1. “The samples were fossils, not bones composed of unaltered hydroxyapatite, and as such they have been open systems whose uranium and lead uptake/leaching histories are conjectural.”

    This statement infers that the fossilization and emplacement of trace elements in bone never results in a closed geochemical system; however, a growing body of data has shown that the uptake of U and rare earth elements (REE) at the time of fossilization and the concurrent elimination of bone porosity occurs soon after the animal dies (within a few tens of thousands of years), trapping these elements in a tightly closed system (see references in Fassett et al., 2011). Our analysis shows that the chemistry in parts of bone 22799-D has remained closed from shortly after the time of fossilization (ca. 73.6 Ma) to the present. This conclusion is confirmed by the similarity of our age to the 40Ar/39Ar age of a nearby ash bed at the same stratigraphic level, as discussed above.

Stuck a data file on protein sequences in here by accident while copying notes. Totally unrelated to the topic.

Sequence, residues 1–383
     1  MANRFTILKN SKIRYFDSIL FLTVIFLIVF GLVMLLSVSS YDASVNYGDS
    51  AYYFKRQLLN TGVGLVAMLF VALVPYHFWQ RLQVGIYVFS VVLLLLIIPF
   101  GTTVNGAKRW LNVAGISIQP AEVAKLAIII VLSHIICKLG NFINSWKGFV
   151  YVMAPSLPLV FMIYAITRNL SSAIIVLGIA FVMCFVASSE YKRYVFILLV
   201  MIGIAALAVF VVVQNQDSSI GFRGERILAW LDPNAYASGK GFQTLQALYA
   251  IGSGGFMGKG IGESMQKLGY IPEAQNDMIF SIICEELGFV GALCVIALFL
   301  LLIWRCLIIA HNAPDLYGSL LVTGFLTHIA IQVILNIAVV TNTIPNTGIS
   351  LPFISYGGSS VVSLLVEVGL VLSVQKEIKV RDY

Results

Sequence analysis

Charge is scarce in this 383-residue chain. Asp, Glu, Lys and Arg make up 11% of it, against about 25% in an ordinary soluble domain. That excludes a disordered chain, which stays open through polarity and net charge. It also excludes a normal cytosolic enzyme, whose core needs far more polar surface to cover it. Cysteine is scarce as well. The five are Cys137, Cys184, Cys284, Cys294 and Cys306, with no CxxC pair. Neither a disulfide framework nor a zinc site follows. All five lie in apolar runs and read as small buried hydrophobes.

2. “Both samples analyzed (22799-D and BB1) are fossil bone fragments rather than articulated fossil skeletons and are therefore suspect a priori of being reworked.”